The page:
Sunday, December 13, 2009

Making Old-Fashioned Lye Soap

I've always wanted to make a batch of old-fashioned soap, just like Grandma would have made. Nothing fancy, just plain and simple soap. But then I read all about it and decided I didn't really need to make my own lye from wood ashes. Nor did I feel a burning desire to render my own fat. But I still wanted to learn the method for making soap. It's easier than you might think.

First you need to gather up all your supplies. You'll need a large pot either enamel or stainless steel. I happened to have an old water bath canner lying around. You'll also need a glass or other heat resistant container for making your lye solution. I used a giant Pyrex measuring cup. You'll also need a wooden spoon and an instant read thermometer. However, the most important supplies are safety goggles and chemical gloves. Lye is nasty stuff and you need to treat it with respect. I purchased the lye at a farm supply store, you might find it at a hardware store as well but they'll probably charge you an arm and a leg for it.

You will also need a mold of some sort. I used a wooden box and lined it with aluminum foil and waxed paper. You could also simply line it with a damp cloth. Once the quality control manager inspected and approved the box I kicked her out of the kitchen. It's not safe for pets or kids to be around when you're making soap. Make sure you set aside enough time to not be interrupted.

Accurate measurements will ensure your soap turns out the way it should. Weighing the lye is the best method. Make sure you are wearing your goggles and gloves!

Using a lye calculator that I found online I determined that I would need to add 13.7 ounces of lye to 26 ounces of water for the amount of lard I was using. Always add the lye to the water in small amounts. If you did the opposite, adding water to lye, you could end up with a volcano effect. (That would be bad, don't do that no matter how cool it sounds or you'll need new countertops.) Stir with a wooden spoon, this will turn the spoon dark brown so don't use your best one. This solution will heat up considerably and you will need to let it cool to about 110-125 degrees. That takes awhile.

In the mean time you should melt your lard. I used 104 ounces of lard. Allow the lard to cool to the same temperature as the lye solution. Again, it takes awhile. Play a hand of solitaire or pick your toes or something to keep yourself entertained.

Slowly and carefully pour the lye solution into the melted lard. When you do, it will change colors like the photo below. Now, you can spend the next hour stirring this with a wooden spoon by hand or break out that hand blender you never remember to use for anything else. The blender will speed the process right up. Keep in mind the hand blender can't run constantly though or you'll burn up the motor, but you can run it off and on for about 15 minutes and achieve the desired result. Be carefull not to splash, this is why I'm using a large canner instead of a small pot!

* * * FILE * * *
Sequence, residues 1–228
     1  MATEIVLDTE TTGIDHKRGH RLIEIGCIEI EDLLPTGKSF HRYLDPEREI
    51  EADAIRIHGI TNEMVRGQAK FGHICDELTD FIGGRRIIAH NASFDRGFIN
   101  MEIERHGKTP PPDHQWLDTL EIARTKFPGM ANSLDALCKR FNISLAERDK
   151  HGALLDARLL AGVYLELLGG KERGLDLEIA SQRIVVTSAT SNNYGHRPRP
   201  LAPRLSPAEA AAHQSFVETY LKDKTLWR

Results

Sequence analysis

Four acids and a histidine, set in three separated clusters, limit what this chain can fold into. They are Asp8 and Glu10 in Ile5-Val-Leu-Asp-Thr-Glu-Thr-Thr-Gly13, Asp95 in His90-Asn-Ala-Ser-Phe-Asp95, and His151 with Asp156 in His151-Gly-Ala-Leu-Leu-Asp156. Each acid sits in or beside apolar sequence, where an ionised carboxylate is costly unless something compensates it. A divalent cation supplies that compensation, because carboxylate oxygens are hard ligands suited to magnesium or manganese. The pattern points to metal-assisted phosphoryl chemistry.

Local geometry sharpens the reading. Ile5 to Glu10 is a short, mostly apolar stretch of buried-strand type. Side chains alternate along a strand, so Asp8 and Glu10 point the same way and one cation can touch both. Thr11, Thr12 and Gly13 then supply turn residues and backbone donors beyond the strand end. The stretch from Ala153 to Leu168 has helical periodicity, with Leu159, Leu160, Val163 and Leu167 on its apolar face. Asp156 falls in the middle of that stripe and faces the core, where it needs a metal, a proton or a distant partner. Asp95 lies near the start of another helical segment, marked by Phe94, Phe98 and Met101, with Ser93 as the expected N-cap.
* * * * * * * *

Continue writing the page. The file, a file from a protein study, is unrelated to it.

You're going for a thick custard like consistency and a white color.

Pour the soap into your mold, cover with a towel or blanket to keep the heat in and set it aside. If you want to have a little fun, put a sign on it that says "Do Not Disturb" and then leave for the evening. Your family members will drive themselves crazy trying to figure out what's under the blanket.
The next day pull the soap out of the mold and cut into bars. Then place them somewhere where they can breathe and cure for 2 to 4 weeks allowing them to get nice and hard.

That's it. That's all there is to it. Just a little lye, lard and water and you can be squeaky clean for months!


Michelle said...

I'm impressed! Not enough to try it myself, though; I'll just keeping buying my goats' milk soap from blogpals. :-)

LDWatkins said...

You would think the lye in the soap would really be hard on your skin...but guess the lard neutralizes it. Interesting post!

samboni said...

So that giant measuring cup was a wise purchase!!

Nancy K. said...

VERY cool.

ANOTHER thing on the list of things that I want to do "some day"...

Christine said...

Kelly, you have no idea how often I use that giant cup. I don't know how I ever lived without it! ;-)

Natalie said...

De-lurking here to say that my Grandma always made lye soap in the winter and stored it for our poison ivy outbreaks in the summer. I swear it works better than anything over-the-counter. :)

tonya said...

I too have been wanting to make the old fashioned lye soap (that 'back to the basics book i have stirs up a lot of old fashioned projects I'd like to do someday.. still have a deer hide in the freezer that needs to be 'smoked' lol) anyways, I was waiting for someone to butcher a hog! It never crossed my mind to just use lard! What a great idea. I think I'd still like to try the wood ashes to make the lye, (only because we have so many ashes around here this time of year) but what a great idea to just use lard. The lye does work wonderfully for poison oak/ivy and every spring i wish i had made some lye soap that previous winter :)

Thanks for sharing your project!

Karen Anne said...

I would like very much to make soap, but I have Fear of Lye.

There doesn't seem to be a way to make soap without it, at least as far as I have found.

Chaotic Disarray said...

Karen Anne: there is NO reason to fear lye, respect it, yes, but fear it no! I wear gloves and glasses, an apron and face mask or simply keep my head back so I don't smell the fumes. Using MP (melt and pour) isn't really soaping. That is taking somebody else made soap. Take that step and try it out. It really is fun and I'm hooked!!